Homily for Sunday, Sept. 20, 2020-Wayne Sigelko
At first glance, there are few more pathetic and less likeable figures in the bible than Jonah in today’s first reading. Partly, I suppose this is because of the style in which it is written. Jonah is like the 5th century BCE version of the graphic novel. It puts before us wonderfully dramatic and, as in today’s reading, even comic scenes. I have a friend who loves this little book so much he takes twenty minutes every week or two to read through the Jonah story because, in his mind, it captures so succinctly the experience of faith for many of us.
The opening lines of the book, themselves, sum up what many of us experience when we encounter God:
“This is the word of the Lord that came to Jonah, son of Amittai: ‘Set out for the great city of Nineveh and preach against it; their wickedness has come up before me.’ So, Jonah made ready to flee to Tarshish away from the Lord.”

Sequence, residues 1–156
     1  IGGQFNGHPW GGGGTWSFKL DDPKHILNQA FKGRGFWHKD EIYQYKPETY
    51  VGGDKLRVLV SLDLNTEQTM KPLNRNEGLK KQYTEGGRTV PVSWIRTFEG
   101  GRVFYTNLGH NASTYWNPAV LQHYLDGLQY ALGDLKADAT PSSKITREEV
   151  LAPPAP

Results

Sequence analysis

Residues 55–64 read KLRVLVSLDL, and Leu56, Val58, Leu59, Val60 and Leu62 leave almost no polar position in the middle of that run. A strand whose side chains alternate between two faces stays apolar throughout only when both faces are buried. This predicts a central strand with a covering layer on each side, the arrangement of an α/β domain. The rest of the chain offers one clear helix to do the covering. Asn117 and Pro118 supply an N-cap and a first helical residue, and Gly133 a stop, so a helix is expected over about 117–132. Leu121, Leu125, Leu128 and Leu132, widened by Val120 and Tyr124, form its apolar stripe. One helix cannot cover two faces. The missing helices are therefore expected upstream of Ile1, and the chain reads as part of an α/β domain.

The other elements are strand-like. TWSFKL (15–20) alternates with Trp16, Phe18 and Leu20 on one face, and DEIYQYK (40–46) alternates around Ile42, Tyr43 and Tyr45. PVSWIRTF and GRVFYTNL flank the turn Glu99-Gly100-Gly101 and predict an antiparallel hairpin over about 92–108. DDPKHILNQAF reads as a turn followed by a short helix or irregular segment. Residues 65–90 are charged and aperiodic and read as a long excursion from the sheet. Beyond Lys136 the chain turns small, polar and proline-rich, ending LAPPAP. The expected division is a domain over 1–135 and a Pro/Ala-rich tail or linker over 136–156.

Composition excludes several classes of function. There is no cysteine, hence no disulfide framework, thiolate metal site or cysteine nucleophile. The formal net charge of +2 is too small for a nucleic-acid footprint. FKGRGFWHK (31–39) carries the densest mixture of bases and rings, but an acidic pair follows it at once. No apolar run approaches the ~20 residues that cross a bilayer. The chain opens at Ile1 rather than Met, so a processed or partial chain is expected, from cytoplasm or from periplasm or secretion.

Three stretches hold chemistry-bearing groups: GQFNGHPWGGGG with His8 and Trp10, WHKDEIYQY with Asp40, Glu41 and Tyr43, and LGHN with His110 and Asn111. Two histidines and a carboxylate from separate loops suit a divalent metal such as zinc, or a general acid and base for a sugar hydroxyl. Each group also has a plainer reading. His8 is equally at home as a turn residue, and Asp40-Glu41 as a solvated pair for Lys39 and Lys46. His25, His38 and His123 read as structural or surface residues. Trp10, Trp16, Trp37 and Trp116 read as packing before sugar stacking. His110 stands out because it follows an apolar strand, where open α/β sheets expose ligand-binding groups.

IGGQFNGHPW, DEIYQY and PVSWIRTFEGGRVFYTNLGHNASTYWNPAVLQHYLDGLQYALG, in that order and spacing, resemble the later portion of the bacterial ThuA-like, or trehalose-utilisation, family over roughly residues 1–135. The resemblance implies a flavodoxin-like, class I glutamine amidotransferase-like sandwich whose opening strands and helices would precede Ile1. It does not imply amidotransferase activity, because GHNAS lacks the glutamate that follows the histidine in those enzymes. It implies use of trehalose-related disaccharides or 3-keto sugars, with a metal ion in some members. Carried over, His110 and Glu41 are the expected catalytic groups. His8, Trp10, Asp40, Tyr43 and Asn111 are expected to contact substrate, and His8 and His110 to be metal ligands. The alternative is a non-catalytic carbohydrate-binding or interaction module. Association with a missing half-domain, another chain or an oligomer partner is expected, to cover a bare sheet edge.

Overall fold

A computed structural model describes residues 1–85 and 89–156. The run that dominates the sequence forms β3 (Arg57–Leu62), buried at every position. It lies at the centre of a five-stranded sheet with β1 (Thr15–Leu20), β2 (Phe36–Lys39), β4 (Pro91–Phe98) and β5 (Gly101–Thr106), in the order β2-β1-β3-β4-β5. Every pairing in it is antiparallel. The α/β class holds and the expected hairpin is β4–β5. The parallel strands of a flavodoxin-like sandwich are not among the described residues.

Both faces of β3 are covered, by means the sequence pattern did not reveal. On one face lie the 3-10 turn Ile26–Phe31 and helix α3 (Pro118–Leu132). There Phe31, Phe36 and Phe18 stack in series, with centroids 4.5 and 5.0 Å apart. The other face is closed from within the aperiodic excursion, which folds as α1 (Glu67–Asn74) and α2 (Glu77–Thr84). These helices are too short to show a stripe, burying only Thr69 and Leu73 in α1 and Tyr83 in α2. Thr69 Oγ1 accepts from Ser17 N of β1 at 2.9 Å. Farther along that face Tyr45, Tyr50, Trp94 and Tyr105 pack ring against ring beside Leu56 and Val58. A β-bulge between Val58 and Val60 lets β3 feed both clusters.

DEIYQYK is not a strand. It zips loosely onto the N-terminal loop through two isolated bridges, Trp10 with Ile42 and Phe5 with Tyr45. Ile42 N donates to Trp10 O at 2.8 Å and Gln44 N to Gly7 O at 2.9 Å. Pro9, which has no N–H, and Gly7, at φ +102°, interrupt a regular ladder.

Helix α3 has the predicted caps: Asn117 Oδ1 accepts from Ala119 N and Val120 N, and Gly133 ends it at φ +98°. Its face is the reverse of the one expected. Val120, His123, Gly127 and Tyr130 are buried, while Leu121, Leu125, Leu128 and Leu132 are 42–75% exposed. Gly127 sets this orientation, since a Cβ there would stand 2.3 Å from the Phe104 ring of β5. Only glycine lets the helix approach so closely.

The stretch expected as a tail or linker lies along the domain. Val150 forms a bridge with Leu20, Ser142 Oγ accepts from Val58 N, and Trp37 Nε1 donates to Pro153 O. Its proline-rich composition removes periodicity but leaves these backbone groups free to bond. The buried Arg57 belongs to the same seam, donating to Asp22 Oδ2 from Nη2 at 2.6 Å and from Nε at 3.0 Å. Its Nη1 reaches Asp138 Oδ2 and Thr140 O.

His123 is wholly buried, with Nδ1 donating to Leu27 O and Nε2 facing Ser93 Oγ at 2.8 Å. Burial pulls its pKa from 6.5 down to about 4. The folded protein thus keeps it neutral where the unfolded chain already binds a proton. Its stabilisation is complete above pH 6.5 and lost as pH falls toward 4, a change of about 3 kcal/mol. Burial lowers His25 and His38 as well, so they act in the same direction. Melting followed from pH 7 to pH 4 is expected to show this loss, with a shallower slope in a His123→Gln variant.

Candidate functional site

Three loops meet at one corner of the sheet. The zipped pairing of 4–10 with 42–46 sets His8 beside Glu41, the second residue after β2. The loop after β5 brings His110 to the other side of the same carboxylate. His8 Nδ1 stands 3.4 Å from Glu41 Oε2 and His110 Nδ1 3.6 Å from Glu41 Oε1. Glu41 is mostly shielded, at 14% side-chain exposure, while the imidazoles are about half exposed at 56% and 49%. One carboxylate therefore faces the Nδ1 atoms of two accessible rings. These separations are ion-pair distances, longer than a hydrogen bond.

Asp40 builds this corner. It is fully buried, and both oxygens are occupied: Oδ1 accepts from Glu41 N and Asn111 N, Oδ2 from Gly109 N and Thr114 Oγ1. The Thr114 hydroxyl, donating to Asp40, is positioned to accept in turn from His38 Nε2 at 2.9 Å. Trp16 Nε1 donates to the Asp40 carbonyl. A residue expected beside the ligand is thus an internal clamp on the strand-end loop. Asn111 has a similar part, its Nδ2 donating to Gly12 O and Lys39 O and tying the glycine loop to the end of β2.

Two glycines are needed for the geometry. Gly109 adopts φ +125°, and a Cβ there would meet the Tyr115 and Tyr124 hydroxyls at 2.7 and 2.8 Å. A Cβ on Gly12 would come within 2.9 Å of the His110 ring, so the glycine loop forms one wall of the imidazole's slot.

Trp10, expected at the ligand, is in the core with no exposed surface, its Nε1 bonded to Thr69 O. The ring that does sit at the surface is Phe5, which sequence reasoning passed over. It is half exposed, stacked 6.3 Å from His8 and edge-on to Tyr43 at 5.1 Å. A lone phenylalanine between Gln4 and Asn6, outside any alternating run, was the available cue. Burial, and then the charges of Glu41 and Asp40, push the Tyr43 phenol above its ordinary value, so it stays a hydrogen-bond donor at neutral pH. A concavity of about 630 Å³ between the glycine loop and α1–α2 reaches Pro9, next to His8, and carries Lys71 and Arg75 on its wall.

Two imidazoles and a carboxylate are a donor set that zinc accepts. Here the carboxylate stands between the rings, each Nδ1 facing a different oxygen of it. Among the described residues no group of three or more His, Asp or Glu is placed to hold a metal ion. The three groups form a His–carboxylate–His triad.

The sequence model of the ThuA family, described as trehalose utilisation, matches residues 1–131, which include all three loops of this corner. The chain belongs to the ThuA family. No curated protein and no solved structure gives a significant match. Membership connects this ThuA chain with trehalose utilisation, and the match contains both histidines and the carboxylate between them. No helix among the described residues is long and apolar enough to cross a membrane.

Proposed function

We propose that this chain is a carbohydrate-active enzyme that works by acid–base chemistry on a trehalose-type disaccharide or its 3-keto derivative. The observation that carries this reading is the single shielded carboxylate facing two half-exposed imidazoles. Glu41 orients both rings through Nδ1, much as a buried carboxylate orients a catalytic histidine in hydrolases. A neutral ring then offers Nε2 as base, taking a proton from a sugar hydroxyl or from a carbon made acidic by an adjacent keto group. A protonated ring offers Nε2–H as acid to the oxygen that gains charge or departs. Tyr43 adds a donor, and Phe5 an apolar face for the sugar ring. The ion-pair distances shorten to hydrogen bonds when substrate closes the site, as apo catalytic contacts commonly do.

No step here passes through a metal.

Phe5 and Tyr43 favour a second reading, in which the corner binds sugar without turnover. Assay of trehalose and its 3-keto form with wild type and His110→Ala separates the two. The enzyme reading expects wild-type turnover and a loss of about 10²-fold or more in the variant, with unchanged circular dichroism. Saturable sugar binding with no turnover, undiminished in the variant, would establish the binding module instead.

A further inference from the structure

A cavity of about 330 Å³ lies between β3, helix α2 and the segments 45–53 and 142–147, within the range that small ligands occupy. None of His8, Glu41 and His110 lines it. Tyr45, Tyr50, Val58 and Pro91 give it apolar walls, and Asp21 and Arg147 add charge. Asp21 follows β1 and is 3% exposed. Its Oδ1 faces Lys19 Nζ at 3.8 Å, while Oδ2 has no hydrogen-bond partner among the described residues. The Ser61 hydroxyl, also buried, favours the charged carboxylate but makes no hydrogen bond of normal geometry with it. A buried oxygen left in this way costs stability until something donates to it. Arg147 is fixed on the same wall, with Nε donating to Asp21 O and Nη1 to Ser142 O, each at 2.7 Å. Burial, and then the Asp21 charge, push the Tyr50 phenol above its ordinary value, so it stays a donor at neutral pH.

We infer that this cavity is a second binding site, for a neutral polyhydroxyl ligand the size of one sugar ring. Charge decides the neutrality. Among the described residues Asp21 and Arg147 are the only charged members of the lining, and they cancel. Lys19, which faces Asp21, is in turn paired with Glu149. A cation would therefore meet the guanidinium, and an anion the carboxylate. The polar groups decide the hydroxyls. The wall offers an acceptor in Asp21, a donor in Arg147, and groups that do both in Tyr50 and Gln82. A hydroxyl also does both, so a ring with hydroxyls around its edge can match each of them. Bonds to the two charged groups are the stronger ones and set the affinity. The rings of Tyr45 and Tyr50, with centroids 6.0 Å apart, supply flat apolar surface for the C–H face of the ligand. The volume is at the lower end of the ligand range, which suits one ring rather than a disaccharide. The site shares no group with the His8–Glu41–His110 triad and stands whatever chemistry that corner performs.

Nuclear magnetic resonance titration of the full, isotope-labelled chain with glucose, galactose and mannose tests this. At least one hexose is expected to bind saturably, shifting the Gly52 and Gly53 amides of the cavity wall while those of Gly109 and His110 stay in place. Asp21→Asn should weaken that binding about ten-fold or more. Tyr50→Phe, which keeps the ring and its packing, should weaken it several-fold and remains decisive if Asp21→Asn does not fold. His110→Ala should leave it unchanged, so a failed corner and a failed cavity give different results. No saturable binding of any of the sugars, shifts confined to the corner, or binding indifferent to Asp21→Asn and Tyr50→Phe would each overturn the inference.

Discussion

Now, to be fair to Jonah, what God asks is NOT a trivial task. In the story’s setting, Nineveh is not only the largest city in the world, it is also the capital of the ancient kingdom of Assyria, the nation that later would utterly destroy the northern kingdom of Israel.
Well, as so often happens, Jonah’s attempt to flee from the task God has appointed fails spectacularly. After being thrown overboard in the middle of a raging storm and spending three nights in the belly of a monstrous fish, Jonah relents. He agrees to preach God’s message of conversion to the Ninevites, however hopeless he believes it to be.
And, then, if being swallowed up by a giant fish and being spewed out safely on shore three days later wasn’t enough of a miracle, God has more in store for Jonah: The enormous city of Nineveh takes three days to cross on foot. After only one day of Jonah’s preaching, all of the people of Nineveh, the great and the small repent and God relents in destroying the city. Great success, right? Jonah should be ecstatic. But, of course, he is not. In the final verses of the book, which are today’s reading, we learn that Jonah is angry with God.